Marriage is usually a bond for a lifetime. Of caring for each other, through good times and bad. It also helps women get less depressed after delivering a baby.
Married women face less partner abuse, are less prone to substance abuse or feel less severe post-partum depression than women who are co-habitating or unmarried, a new study has found.
Also, unmarried women living with their partners for less than two years were more likely to face at least one of the three problems. But, the more they lived together, lesser their chances of facing these problems.
The problems were most common among women who were separated or divorced, especially if the couple parted less than 12 months before their child was born.
Dr. Marcelo Urquia, an epidemiologist at the Centre for Research on Inner City Health at St. Michael's Hospital wanted to delve deeper into the risks and benefits of the various kinds of relationships in which children were born.
The results of his study were published in the American Journal of Public Health.
"What is new in this study is that for the first time we looked at the duration of unmarried cohabitation and found the shorter the cohabitation, the more likely women were to suffer intimate-partner violence, substance abuse or post-partum depression around the time of conception, pregnancy and delivery," Dr. Urquia said. "We did not see that pattern among married women, who experienced less psychosocial problems regardless of the length of time they lived together with their spouses."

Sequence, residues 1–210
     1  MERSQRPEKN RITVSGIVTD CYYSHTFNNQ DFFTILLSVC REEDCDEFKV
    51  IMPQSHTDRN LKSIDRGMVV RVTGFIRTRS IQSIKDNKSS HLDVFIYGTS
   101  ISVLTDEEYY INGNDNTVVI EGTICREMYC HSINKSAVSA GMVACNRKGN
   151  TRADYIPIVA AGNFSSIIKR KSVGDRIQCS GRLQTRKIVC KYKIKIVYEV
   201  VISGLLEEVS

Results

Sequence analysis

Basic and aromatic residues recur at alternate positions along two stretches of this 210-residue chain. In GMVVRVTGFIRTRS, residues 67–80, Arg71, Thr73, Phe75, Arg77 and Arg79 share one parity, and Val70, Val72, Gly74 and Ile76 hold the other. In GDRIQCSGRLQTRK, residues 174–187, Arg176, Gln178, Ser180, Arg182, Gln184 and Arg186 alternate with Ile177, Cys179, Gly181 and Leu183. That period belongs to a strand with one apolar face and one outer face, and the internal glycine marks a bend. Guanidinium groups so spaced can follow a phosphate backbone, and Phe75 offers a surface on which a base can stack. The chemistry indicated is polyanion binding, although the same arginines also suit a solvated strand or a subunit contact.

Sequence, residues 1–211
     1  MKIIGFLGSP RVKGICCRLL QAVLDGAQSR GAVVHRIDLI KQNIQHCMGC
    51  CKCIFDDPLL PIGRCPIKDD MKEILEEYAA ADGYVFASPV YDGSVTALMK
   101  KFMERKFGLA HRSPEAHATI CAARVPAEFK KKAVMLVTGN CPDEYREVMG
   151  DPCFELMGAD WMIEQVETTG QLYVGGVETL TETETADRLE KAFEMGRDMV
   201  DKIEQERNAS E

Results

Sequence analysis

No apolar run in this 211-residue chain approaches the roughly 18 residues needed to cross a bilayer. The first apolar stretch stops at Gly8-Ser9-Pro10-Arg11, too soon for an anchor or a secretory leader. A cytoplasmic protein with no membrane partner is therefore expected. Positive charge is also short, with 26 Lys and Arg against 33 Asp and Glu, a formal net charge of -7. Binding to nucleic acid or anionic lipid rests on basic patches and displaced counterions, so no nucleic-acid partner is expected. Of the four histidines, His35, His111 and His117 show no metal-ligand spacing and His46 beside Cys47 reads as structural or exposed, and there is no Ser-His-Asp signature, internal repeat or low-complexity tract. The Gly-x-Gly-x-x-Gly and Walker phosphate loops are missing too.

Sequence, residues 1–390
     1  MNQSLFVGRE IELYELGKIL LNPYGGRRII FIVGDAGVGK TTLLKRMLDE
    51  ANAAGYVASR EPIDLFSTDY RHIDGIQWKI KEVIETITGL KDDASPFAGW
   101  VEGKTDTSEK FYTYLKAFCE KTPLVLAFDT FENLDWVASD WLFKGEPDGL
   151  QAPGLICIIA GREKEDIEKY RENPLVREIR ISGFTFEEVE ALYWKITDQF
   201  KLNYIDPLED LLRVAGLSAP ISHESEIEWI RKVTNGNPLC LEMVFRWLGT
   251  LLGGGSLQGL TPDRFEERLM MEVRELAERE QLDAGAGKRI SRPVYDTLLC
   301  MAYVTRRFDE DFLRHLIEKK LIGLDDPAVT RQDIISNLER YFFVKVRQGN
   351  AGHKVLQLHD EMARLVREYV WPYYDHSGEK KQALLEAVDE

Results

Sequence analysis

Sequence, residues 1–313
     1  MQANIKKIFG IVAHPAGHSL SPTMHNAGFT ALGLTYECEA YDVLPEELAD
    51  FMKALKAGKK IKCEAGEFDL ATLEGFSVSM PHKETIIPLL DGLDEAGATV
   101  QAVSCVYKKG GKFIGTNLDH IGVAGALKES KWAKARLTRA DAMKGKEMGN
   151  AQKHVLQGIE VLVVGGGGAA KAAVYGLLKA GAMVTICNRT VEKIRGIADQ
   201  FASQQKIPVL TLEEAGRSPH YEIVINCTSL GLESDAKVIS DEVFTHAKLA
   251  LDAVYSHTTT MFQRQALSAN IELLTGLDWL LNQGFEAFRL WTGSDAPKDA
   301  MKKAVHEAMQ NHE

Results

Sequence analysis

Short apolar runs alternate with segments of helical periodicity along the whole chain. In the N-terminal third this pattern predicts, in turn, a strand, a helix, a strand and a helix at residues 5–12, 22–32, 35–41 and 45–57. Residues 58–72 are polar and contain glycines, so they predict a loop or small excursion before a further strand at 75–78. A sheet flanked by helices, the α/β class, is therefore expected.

Dr. Urquia said that understanding the differences between married and co-habitating partners was important with the rising number of children born outside marriages. 30 per cent of children in Canada are born to unmarried couples, up from nine per cent in 1971. In several European countries, births out of wedlock are greater in number than those to married couples.
Dr. Urquia revealed that about one in 10 married women [10.6 per cent] faced partner or substance abuse or post-partum depression as per his study of data from the 2006-07 Canadian Maternity Experiences Survey, a nationwide sample of 6,421 childbearing women compiled by the Public Health Agency of Canada.
He found 20 per cent of women who were co-habitating but not married suffered from at least one of those three psycho-social conditions. The figure rose to 35 per cent for single women who had never married and to 67 per cent for those who separated or divorced in the year before birth.
Dr. Urquia said it was unclear whether problems such as partner or substance abuse were the cause or result of separations.
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